Bitfarms have been going through an upheaval of late as Pierre-Luc Quimper, its president and co-founder, quit in October. Along with Quimper, VPs Anthony Levesque and Louis Valois, and public relations head Bahador Zabihiyan also departed the company.
Quimper, in an emailed statement to The Canadian Press, said: “We built up that great infrastructure together with the three other founders. We hired Wes to help implement our vision. At some point, my vision as an entrepreneur and businessman was different from Wes’ vision, who has a traditional banking background.”
Wes Fulford, Bitfarms’ Toronto-based CEO, said any talk of conflict with Wes is just “business gossip.” But his portrayal of Quimper’s leaving suggested a clash of personalities. “He’s never had a boss. He’s never had a board of directors,” Fulford said of his former business partner, Quimper. “He’s been involved in growing small companies. We are now a much larger, professionally traded organization, and you can read into that what you like.”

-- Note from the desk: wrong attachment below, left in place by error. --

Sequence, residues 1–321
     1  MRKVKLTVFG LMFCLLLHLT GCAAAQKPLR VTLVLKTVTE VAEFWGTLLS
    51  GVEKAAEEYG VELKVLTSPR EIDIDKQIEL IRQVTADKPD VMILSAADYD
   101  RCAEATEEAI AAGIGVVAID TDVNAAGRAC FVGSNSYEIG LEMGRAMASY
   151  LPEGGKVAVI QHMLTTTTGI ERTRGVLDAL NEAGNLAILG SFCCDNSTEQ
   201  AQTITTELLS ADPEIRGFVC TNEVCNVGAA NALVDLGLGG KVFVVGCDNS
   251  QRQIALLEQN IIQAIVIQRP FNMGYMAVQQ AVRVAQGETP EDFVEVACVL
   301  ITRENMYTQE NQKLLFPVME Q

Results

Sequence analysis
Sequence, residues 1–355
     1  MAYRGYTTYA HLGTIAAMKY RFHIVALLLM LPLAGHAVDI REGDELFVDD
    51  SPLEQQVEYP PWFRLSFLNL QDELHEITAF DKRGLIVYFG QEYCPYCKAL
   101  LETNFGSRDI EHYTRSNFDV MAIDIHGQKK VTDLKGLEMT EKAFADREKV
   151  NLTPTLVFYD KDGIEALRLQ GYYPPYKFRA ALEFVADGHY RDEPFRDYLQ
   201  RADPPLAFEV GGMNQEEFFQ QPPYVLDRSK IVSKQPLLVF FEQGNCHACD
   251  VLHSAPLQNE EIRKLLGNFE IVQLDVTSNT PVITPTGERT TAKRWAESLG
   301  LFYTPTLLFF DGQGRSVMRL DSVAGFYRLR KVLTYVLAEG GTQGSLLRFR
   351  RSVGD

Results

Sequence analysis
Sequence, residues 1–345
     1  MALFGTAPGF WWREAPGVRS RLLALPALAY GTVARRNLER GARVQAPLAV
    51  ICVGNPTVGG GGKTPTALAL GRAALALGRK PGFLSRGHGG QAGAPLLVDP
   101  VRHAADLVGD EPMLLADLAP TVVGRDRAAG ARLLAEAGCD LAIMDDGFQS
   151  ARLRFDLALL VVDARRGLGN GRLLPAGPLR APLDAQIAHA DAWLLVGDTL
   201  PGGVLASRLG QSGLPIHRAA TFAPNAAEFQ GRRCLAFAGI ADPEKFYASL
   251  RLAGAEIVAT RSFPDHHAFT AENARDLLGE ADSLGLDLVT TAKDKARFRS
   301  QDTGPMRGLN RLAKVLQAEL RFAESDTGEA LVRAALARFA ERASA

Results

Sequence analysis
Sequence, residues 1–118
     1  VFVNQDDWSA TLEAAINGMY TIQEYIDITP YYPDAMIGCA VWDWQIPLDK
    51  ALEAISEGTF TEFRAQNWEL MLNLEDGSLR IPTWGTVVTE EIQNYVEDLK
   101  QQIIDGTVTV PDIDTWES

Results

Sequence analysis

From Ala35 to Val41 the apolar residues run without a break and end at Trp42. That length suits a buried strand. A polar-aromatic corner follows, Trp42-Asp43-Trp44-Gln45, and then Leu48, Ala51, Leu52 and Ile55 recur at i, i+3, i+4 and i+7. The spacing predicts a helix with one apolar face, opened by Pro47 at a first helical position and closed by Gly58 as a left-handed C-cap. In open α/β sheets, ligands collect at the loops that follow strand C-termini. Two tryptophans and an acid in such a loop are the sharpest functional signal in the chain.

Along with the departures comes news that residents living near the company’s operations in Sherbrooke, Quebec, are complaining of the noise originating from its operations is unbearable.
To address the concerns of its neighbors and restore peace to local neighborhoods, the firm proposed to build a 23-meter wall outside its Sherbrooke factory. The company would renovate inside the factory to help muffle the sound from the ventilators. Residents along the Magog River remains skeptical.
Marcel Cyr, who lives across the river from Bitfarms, told The Canadian Press in a recent phone interview, “They say they are acting in good faith, and, in the beginning, we believed them. But we no longer believe them. How can we?” Despite complaints, the company has only increased its capacity and announced a further expansion.
“We expect significant improvement versus what the residents are allegedly complaining about today,” Fulford said,…